A rare earthquake of magnitude 5.9 struck North Korea off its east coast and a nuclear detonation has been ruled out as the cause. The quake occurred at 4.18am local time on Thursday (13 July) at a depth of 537.6 kms below the East Sea, also known as the Sea of Japan.
Both the Pentagon and the US Geological Survey (USGS) said the quake is unlikely to have been triggered by a nuclear test. Major Jamie Davis, a Pentagon spokesman, cited the depth and location from initial reports for ruling out a nuclear test. He added that the Pentagon is monitoring the region for more information.
"It occurred at 500 km below the seabed. There's no way it was caused by a nuclear test. It's a natural earthquake," John Bellini, a geologist with the USGS, told South Korea's Yonhap news agency. Some reports put the quake's magnitude at 5.8 and 6.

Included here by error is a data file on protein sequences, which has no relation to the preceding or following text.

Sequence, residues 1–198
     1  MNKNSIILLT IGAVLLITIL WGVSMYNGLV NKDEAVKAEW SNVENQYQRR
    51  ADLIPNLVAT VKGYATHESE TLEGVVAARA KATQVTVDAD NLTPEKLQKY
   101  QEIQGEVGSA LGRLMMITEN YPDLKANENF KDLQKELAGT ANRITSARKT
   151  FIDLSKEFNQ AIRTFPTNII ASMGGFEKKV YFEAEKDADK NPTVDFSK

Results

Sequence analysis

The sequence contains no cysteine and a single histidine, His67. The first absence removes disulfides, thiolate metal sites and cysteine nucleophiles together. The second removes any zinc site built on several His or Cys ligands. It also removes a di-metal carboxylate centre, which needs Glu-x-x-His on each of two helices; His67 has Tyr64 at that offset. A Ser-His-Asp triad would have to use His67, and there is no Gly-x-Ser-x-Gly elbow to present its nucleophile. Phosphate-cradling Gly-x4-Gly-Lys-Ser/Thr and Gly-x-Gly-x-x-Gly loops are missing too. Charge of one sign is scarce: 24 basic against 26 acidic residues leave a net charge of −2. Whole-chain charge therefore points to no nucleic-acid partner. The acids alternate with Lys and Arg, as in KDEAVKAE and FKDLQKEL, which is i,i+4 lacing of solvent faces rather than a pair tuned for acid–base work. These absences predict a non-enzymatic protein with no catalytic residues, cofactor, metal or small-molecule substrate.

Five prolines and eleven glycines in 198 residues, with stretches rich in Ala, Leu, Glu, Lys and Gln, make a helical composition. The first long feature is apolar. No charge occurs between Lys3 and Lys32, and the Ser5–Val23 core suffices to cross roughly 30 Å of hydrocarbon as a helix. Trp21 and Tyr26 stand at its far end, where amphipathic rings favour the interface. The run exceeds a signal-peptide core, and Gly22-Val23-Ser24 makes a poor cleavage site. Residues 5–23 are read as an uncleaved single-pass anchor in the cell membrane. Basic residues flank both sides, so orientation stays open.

USGS experts said a quake of this magnitude in the region is rare. The previous occasion when a large quake hit this area of the Sea of Japan was thought to be in 2004.
North Korea's previous nuclear tests had triggered seismic events in the region, but the tests are usually underground on land and not underwater. The country has conducted five underground nuclear tests since 2006 with the last two detonations taking place in 2016.
Thursday's quake occurred amid widespread concerns that Pyongyang could carry out its sixth nuclear detonation as part of its efforts to strengthen its nuclear and missile programmes.